Following their defeat at Ligny the Prussian Army withdrew northeast, but not as Napoleon had hoped towards Liege and away from Wellington's Anglo-Dutch. This was part of Napoleon's strategy whereby he split the much larger Allied force into its separate parts so that he could outnumber them and attack them separately. His theory was based on the assumption that an attack at the juncture between the Anglo-Dutch and Prussian Armies would force them apart to retreat in the direction of their respective supply bases. Instead of withdrawing in opposite directions however, the Prussians moved on a parallel route to the Anglo-Dutch and were still very much in contact with each other and able to come to the others aid.
This was in part due to the Anglo-Dutch preventing Marshal Ney's Frenchmen from attacking the Prussians in the rear at Ligny as well as the ability of Lieutenant General Ziethen and Lieutenant General Thielmann to retire in good order with their Corps intact preventing a complete Prussian rout. Whilst the centre fled the battlefield at Ligny in disarray they held together a large portion of the Prussian Army and enabled it to survive to fight another day.
The general direction of the Prussian Army's withdrawal had taken it to the town of Wavre, which by default became the marshalling point of the army. With Field Marshal Bl?cher temporarily incapacitated after his fall at Ligny Lieutenant General August von Gneisenau the Prussian chief of staff planned to rally the Prussian Army at Tilly. From there the Prussians could move to support Wellington, but in the confusion control was lost. As the majority of the Prussian Army falling back towards Wavre that was where it rallied.
Lieutenant General Gneisenau decided that the Prussians would move towards Wellington's Anglo-Dutch at Waterloo. He intended to leave Wavre at dawn on 18th June 1815 with the I, II and IV Army Corps and take up positions on Wellington's left flank. General B?low von Dennewitz's Prussian IV Army Corps had not been present at Ligny, but arrived to reinforce the Prussian Army during the night of the 17th and 18th June 1815. General Thielmann's Prussian III Corps was to form the rearguard and was tasked with holding off the pursuing French.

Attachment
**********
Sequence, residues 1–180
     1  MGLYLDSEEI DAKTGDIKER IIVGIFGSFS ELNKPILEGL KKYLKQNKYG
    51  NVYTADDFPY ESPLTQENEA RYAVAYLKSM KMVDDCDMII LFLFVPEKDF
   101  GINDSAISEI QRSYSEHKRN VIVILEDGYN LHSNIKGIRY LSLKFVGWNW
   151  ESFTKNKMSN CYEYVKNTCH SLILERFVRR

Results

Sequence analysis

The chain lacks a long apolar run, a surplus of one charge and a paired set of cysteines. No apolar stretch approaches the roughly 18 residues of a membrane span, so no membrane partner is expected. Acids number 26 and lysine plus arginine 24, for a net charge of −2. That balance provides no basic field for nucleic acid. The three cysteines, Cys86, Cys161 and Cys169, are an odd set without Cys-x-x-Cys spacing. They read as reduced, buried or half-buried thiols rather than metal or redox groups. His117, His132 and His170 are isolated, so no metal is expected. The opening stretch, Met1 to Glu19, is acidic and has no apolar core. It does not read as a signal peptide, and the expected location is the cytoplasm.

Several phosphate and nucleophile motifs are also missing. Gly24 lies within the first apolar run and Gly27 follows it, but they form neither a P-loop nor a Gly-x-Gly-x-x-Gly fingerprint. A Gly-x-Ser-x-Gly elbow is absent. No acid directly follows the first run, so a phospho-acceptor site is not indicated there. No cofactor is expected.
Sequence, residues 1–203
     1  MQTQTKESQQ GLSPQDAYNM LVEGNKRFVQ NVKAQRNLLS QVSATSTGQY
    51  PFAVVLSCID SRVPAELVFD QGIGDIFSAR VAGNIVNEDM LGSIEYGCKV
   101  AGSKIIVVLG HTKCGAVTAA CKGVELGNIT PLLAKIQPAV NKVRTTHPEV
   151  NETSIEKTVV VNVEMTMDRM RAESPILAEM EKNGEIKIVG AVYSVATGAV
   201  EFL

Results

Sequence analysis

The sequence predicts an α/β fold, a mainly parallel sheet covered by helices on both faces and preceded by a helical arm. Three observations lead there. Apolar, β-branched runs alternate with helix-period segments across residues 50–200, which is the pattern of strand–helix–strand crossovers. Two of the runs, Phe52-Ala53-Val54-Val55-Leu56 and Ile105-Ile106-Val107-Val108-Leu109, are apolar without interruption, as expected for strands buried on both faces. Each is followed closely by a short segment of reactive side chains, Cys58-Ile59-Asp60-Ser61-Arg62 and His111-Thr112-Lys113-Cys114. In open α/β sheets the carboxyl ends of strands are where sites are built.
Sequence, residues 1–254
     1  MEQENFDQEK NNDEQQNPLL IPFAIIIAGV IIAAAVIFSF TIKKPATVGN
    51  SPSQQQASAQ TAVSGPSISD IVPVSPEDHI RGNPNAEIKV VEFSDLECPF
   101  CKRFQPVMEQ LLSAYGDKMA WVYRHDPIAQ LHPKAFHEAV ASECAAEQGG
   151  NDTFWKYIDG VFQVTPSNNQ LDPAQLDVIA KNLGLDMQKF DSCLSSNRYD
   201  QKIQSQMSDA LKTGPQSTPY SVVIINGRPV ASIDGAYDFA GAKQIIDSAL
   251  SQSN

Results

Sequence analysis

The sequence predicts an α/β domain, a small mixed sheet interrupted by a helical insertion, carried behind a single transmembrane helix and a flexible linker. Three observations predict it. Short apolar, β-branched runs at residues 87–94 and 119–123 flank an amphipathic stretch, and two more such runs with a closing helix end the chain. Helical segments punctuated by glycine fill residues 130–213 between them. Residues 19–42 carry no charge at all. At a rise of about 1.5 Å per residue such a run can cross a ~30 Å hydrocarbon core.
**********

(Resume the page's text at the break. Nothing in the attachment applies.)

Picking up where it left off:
Marshal Grouchy's French Right Wing had failed to close with the Prussians during the 17th June as they retired northwards from Ligny. On the 18th however the French finally caught up with Lieutenant General Thielmann's Prussian III Army Corps. The Prussian rearguard was pushed back, but not without a fight. They held their ground long enough to allow Field Marshal Bl?cher who was back in command to take the 72,000 strong Prussian main body away from the French Right Wing and swing west to support Wellington's Anglo-Dutch at Waterloo.
The Battle of Wavre ended in a French victory on 19th June 1815 with the Prussian rearguard in full retreat. To the Prussians the battle was a strategic victory, their rearguard had succeeded in holding off a superior French force long enough to allow Field Marshal Bl?cher to link up with Wellington's Anglo-Dutch Army. Not only that, they had tied down some 33,000 French troops that could have otherwise taken part at Waterloo. Whilst Marshal Grouchy won at Wavre the victory was a hollow one as Napoleon's main body of the L?Arm?e du Nord was defeated. If he had been more aggressive and gained his victory quickly Marshal Grouchy may have prevented Bl?cher from getting to Waterloo or even taken his own men there where they could have made all the difference.
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